After all these years, the literary events season in South Florida has long reached its maturity. No more jokes about “cultural wastelands,” and publishers still send writers here on the few publicity tours they pay for each year. Why? Because so many people here read books, talk about books, and attend literary festivities.
It would be understandable if organizers of, say, Miami Books Fair International, or the Key West Literary Seminar, or the Palm Beach Poetry Festival, sat back satisfied on their laurels, content with repeating what has always worked in the past. Surely that would be enough.
But even excellence, when it becomes routine, can begin to bore. Fortunately, the major festivals here never cease looking for new angles, new ways to liven up their events.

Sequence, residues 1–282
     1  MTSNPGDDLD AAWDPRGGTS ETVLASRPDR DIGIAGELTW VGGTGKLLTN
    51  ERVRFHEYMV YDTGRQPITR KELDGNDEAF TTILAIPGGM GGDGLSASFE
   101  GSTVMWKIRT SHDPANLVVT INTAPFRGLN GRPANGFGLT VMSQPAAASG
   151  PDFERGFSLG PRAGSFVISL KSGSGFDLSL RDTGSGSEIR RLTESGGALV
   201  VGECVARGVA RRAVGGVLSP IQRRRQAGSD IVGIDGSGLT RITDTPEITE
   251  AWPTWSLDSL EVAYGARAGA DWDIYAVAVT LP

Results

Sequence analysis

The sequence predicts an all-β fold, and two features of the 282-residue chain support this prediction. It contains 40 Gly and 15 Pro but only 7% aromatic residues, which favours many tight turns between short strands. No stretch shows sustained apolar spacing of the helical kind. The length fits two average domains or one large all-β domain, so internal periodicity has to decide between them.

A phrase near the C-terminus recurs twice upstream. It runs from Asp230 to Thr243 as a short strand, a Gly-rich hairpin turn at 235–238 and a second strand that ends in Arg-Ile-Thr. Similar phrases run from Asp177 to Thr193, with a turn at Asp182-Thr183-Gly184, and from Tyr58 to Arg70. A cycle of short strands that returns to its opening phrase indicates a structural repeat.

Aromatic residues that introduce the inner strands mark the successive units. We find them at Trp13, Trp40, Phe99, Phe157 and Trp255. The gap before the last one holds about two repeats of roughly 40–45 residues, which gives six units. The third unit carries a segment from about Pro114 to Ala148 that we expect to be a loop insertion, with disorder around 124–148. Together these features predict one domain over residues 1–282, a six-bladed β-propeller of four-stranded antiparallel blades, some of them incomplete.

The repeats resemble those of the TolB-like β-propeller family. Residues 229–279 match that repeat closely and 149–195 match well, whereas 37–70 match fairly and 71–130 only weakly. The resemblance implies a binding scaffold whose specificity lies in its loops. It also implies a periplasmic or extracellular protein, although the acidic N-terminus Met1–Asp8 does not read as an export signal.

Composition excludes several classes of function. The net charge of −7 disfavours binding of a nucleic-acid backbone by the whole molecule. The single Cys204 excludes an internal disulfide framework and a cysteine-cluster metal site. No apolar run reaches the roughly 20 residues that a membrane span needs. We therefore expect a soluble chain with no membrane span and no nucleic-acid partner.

Take the Miami Book Fair, for example. A tried and true festival, famous for bringing in hundreds of top writers in all genres, but children’s activities, cooking demonstrations, publishers booths, an antiquarian book bazaar, and, really, who knows what else. This year, however, founders Mitch Kaplan and Eduardo Padrón and their year-round staff have outdone themselves by arranging for the short list of National Book Award nominees — in all the categories — to be on hand during the fair, Nov. 16-23.
“As the awards will be announced during the week of the Fair,” says Kaplan, “we will have many, if not all, of the winners for a program that will be presented on Friday, November 21st. The other nominees will be presenting throughout the weekend.”
While much of the fair is still coming together, including the entire list of authors and events, Kaplan does have some highlights to share. These include such big-name authors as Larry McMurtry, Anne Rice, Patricia Cornwell, Chuck Todd, Joyce Carol Oates, Alexander McCall Smith, Carolyn Forché, and Walter Isaacson.